Case in point — one morning as the project was getting underway…
It’s 6:58 am and concrete superintendent Mark Strupek is angry. In fact, he’s heading to a meeting to give Pepper Construction’s Senior Superintendent Dave Tallon a piece of his mind. All 85 workers, not just the foremen, were gathered together for a “morning huddle” and in Strupek’s mind this daily exercise was a huge waste.
We have a job to do and deadlines to meet,” thinks Pepper's concrete superintendent. "We can’t afford for everyone to take this time.
On the Harper College library renovation, every tradesperson on site participated in the daily huddle.
Tallon, running the meeting, begins, as usual, with a safety discussion—today’s topic is material handling in confined spaces. Then the meeting turns to the tasks at hand. This morning, the electricians will need to work in the same space as the concrete crew. Since the concrete is arriving at 8:30, the electricians need to be done before that. With everyone in the same place, they’re quickly able to work out a solution: The electrical foreman will put a few more people on the job and they can be done before the concrete has to be poured.
Workers problem-solve in a morning meeting.
For Strupek, everything shifts. He still approaches Tallon afterwards, but his message has changed. In the past, Strupek had seen this type of situation turn to conflict between the trades, but today he saw potential tension turn to team cohesion. Now he was excited.
In fact, “Every job should do this”, he told Tallon.
Tallon isn’t surprised. He’d seen the power of “everyone in the same room” before and the Harper project was giving him a serious opportunity to put the lessons he’d learned to work. He’d found equally enthusiastic partners in Tim Lumpp, Pepper’s senior project manager, and Scott Steingraeber, senior project manager for Legat Architects.
This was going to be a complicated job. Together, they were going to take advantage of every idea that could help them be safer, more efficient and productive. The morning meetings were just the beginning.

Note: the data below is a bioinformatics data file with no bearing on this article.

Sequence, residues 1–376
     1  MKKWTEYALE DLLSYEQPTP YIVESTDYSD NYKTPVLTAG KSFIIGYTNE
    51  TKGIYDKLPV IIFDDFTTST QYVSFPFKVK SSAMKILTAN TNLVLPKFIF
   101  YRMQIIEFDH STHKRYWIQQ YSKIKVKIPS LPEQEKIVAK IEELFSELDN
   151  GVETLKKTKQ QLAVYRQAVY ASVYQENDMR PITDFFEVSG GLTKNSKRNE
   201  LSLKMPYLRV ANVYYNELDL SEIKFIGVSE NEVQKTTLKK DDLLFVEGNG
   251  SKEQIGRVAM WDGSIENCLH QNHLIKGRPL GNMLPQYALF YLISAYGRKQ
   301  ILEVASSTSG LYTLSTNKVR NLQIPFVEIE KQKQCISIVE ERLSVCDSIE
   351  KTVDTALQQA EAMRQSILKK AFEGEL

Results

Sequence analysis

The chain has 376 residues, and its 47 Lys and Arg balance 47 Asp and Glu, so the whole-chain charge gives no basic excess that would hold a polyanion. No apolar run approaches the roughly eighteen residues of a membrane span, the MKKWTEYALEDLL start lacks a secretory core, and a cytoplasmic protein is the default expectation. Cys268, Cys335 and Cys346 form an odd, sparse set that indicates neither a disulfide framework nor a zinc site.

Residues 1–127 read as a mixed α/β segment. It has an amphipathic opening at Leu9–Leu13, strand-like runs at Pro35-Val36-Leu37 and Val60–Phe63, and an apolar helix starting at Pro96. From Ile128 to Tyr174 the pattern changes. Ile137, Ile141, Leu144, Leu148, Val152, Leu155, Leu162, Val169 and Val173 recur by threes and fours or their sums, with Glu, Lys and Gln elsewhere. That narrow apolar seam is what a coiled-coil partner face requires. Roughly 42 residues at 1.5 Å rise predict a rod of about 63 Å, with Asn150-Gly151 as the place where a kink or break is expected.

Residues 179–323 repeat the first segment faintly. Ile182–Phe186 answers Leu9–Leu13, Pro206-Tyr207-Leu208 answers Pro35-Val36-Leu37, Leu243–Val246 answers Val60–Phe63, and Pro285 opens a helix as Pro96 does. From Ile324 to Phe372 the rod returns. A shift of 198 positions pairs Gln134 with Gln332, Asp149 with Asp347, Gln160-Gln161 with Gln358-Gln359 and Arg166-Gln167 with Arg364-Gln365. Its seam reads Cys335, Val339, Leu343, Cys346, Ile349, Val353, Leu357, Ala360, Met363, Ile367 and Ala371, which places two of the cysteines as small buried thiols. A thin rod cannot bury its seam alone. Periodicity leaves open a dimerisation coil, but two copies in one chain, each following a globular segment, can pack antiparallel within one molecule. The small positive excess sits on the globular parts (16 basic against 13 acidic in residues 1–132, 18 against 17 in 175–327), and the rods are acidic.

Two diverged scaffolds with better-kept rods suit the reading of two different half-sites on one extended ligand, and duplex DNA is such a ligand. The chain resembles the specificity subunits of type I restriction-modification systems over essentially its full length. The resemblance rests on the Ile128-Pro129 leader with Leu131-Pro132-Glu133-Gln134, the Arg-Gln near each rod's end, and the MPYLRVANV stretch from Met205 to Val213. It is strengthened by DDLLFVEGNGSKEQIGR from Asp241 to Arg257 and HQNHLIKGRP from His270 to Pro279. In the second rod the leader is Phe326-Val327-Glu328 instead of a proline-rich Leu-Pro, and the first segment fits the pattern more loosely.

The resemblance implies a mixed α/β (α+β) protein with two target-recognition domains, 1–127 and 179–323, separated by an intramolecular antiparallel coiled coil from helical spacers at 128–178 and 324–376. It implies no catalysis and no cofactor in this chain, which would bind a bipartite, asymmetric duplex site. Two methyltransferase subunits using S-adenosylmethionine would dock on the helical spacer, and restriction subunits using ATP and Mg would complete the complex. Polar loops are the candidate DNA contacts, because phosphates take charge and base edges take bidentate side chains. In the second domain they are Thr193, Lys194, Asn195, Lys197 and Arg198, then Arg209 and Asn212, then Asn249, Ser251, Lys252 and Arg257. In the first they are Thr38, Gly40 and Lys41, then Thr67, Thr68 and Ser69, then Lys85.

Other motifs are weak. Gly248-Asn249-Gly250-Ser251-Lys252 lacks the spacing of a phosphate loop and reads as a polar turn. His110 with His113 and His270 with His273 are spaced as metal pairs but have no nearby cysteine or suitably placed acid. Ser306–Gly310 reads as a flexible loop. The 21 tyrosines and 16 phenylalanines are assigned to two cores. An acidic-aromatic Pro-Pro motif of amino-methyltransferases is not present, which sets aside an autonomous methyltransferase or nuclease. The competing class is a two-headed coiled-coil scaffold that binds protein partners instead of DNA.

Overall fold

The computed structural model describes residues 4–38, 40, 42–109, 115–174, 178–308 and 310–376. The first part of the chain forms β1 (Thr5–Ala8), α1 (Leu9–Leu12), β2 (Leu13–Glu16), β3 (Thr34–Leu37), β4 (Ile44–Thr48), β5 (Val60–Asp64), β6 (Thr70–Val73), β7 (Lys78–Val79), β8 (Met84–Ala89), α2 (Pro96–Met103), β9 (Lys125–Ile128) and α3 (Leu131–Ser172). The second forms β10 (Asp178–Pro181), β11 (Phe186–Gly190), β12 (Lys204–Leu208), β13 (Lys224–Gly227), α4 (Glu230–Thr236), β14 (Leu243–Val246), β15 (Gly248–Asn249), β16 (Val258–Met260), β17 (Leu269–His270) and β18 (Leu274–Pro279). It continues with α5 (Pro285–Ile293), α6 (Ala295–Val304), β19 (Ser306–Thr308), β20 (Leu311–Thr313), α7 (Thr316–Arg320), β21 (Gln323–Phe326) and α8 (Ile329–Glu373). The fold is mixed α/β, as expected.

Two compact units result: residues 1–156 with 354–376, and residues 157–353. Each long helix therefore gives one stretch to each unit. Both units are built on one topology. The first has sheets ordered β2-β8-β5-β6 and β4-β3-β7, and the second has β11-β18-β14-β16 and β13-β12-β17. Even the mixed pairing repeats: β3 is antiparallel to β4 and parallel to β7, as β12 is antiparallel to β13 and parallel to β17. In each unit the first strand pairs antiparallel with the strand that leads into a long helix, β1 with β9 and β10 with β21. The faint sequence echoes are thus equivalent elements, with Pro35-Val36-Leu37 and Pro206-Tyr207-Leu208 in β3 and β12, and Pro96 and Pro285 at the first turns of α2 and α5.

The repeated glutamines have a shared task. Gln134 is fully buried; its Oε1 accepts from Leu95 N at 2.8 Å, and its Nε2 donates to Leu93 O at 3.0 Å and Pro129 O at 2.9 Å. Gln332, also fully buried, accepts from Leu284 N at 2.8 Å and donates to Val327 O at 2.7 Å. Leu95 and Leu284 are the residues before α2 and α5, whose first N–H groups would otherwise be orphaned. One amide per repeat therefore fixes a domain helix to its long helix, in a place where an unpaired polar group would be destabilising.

Harper College library before construction
A library with light
Harper College is a community college in the Chicago suburb of Palatine serving roughly 35,000 students annually, and it was sorely in need of a new library. The old one was dark and lacked the communal working spaces and technology 21st century students needed. Tutoring, writing, success services and supplemental instruction centers were inconveniently located, involved separate registration areas, and took extra time and effort for students to use and find. If someone needed to use an elevator to reach the third floor, they had to use a bridge from the building next door.
Renovation of the building was on the Campus Master Plan. Leadership approved referendum funds and gave the project a “go”.
Staff was overjoyed. Njambi Kamoche, Dean of Resources for Learning, who oversees the library and Academic Support Center, said planning began almost two years in advance. Administration, campus IT, facilities, and faculty from around the campus were involved. They developed a picture of what the new library should be: A ”third place”, somewhere beside work or home that would serve as a social and academic refuge. There would be places for students to work together or in groups, or alone in designated quiet spaces. There would be up-to-date technology, with places to use computers and view and listen to media. There would be lots of natural light!
Make No Small Plans
Legat Architects answered these needs with a complex, ambitious design.
A major focus would be a light drenched atrium with glass walls and a long floating staircase. Steingraeber calls it a “learning stairway”, flanked with platform conversation areas and adjoining a brand new public elevator. And the star of the renovation, according to Harper Campus Architect Steve Petersen, would be a myriad of new student study spaces.
Students study by the natural light in the new library.
Courtesy Legat Architects
Other major steps were to completely replace the building envelope with a new curtain wall of thermal glass attached to the outside face, a major contributor to seeking the LEED silver designation. In addition, formerly set-back windows on the second and third floors were pushed out, both to gain more interior light and space and, from the outside, to visually group these floors as the “heart” of the library.
Each floor, in fact would have its own personality.
Making this happen meant gutting the building, removing stairways and replacing mechanical, electrical, plumbing and sprinkler systems. Washrooms and mechanicals were moved to the perimeter so as not to block the sightlines. Floors had to be demo’d and removed to build the atrium and additional flooring had to be built to extend the north windows to the building edge.